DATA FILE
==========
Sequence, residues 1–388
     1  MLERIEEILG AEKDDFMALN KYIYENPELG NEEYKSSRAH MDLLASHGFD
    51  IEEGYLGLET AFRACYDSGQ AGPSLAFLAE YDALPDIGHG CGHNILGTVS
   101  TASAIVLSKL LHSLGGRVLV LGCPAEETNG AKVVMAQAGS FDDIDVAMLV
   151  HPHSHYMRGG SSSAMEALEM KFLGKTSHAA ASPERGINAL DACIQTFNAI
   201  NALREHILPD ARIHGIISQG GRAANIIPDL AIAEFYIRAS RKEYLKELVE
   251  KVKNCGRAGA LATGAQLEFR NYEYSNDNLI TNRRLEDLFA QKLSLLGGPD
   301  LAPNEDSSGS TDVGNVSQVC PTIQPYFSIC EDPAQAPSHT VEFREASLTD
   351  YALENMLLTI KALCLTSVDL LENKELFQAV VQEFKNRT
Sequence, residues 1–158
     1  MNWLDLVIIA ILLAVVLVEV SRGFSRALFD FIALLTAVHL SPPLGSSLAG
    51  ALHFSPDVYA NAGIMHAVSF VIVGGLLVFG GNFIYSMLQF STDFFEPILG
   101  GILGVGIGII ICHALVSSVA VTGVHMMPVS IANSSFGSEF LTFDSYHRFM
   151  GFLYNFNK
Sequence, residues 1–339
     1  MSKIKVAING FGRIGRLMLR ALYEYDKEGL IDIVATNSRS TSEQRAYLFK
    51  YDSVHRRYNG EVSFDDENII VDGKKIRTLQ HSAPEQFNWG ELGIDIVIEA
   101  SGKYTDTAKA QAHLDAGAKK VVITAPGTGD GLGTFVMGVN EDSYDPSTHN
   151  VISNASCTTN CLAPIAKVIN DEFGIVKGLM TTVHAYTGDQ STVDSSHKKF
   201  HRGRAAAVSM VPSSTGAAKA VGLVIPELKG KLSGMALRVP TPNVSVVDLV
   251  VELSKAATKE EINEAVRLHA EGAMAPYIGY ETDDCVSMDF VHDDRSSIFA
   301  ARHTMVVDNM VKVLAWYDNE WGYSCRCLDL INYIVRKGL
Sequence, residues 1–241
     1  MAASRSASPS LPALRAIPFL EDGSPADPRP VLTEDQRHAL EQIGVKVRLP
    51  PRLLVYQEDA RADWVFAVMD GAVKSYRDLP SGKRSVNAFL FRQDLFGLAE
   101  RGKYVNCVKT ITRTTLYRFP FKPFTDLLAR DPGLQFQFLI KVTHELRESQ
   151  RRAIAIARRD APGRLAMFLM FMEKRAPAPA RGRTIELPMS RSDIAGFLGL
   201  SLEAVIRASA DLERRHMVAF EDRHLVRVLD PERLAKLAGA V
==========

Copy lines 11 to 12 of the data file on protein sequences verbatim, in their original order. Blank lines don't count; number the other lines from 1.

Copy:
     1  MNWLDLVIIA ILLAVVLVEV SRGFSRALFD FIALLTAVHL SPPLGSSLAG
    51  ALHFSPDVYA NAGIMHAVSF VIVGGLLVFG GNFIYSMLQF STDFFEPILG